Everything to know about Apple’s first 5G iPhones

October 13, 2020, 6:29 PM UTC

Apple unveiled its 2020 line up of new iPhones on Tuesday, a few weeks later than usual because of the pandemic, but with a headline-grabbing new feature: 5G.

The first 5G iPhones, which can download data at least 10-times faster than older 4G models, come up to two years behind rivals but just as wireless carriers are building their 5G networks.

Apple CEO Tim Cook called the 5G feature a “new era” for the popular phone line. “Each generation of cellular technology on iPhone has enabled breakthrough innovations,” Cook said during an online unveiling. “5G is the most exciting step yet.”

After debuting three new iPhone models a year ago, this year Apple had four new phones.

The new iPhone 12 mini, the smallest and cheapest new arrival, has a 5.4-inch screen and starts at $700. Apple says it’s the smallest and lightest 5G phone available. The regular iPhone 12, slightly larger with a 6.1-inch screen, starts at $800. However, both phones were priced $30 higher if bought for T-Mobile’s network or unlocked without a carrier’s SIM card.

For its more expensive Pro models, Apple went with slightly larger displays than last year while shrinking the bezels around the edges. The iPhone Pro has an 6.1-inch screen, up from 5.8-inches, and starts at $1,000. The iPhone 12 Pro Max comes with a 6.7-inch display, up from 6.5-inches, and costs $1,100. The new Pro phones have much improved cameras, with a telephoto lens that can zoom in up to 2.5X, up from 2X in last year’s models. And prices were the same for all carriers.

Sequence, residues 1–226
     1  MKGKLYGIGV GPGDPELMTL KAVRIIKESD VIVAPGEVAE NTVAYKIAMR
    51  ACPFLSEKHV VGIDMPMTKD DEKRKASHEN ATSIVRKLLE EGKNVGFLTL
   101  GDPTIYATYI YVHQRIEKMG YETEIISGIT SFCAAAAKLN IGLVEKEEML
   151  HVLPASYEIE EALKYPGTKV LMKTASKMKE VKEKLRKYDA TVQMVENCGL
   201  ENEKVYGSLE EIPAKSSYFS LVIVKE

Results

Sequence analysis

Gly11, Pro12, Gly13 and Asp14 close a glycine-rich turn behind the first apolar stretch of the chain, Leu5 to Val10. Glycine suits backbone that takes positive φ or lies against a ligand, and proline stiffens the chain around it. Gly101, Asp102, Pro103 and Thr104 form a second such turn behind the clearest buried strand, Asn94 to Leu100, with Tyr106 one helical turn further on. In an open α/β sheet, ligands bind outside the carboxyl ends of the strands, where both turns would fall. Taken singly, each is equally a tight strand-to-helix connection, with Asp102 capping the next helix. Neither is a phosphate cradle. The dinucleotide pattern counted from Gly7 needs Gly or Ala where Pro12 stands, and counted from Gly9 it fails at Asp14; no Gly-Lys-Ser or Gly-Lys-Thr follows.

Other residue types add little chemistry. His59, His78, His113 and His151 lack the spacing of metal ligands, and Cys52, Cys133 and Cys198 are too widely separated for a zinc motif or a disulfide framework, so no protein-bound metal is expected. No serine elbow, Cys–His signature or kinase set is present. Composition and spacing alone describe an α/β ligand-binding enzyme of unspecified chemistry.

Compared to last year’s models, the new iPhones have a boxier design with flat sides. Apple also said it would no longer include headphones or a power adapter with every phone, explaining that it would help the environment by reducing plastic waste.

The iPhone 12 and iPhone 12 Pro will be available for pre-order on October 16 and delivered on October 23. The iPhone 12 mini and iPhone 12 Pro Max will be available for pre-order on November 6 and delivered on November 13.

Analysts are split about whether the addition of 5G will be a big draw for consumers. Apple said customers could use 5G to download files more quickly, play battle games like League of Legends that require low-latency connections, and upload hefty 4K resolution video clips. Apple also showed off an app that doctors could use to download a medical diagnostic scan instantly, and an augmented reality app for mapping 3D spaces and sharing the maps in real-time.

In China, where 5G networks are widely deployed, rival 5G phones from Samsung and others have sold well. But U.S. networks have lagged behind and some early incarnations of 5G aren’t any faster than 4G. AT&T even has set up parts of its 4G network to display as “5GE” on iPhones and other devices, a confusing label that may explain why almost half of all current iPhone owners think they already have a 5G compatible device (AT&T denies being a source of confusion and notes its has the fastest 5G network according to some researchers).

As part of Apple’s event on Tuesday, Verizon announced it was rolling out a somewhat slower but nationwide 5G service, matching offerings from rivals AT&T and T-Mobile and complimenting its super-fast 5G network that is only available in parts of a few dozen cities. Both Verizon 5G networks will also work with phones from other manufacturers.

Apple’s stock price was down 3% at midday after the event after gaining 30% over the past three months on growing excitement over the arrival of the new 5G models. Still, the company will have to attract buyers at a time when the pandemic has put many people out of work. Apple sold $56 billion worth of iPhones in last year’s fourth quarter, its fiscal first quarter, an 8% increase from a year earlier.

(This story was updated on Oct. 14 to correct the amount of zoom on telephoto lens of the iPhone 12 Pro Max.)

Subscribe to Well Adjusted, our newsletter full of simple strategies to work smarter and live better, from the Fortune Well team. Sign up today.

Read More

Artificial IntelligenceCryptocurrencyMetaverseCybersecurityTech Forward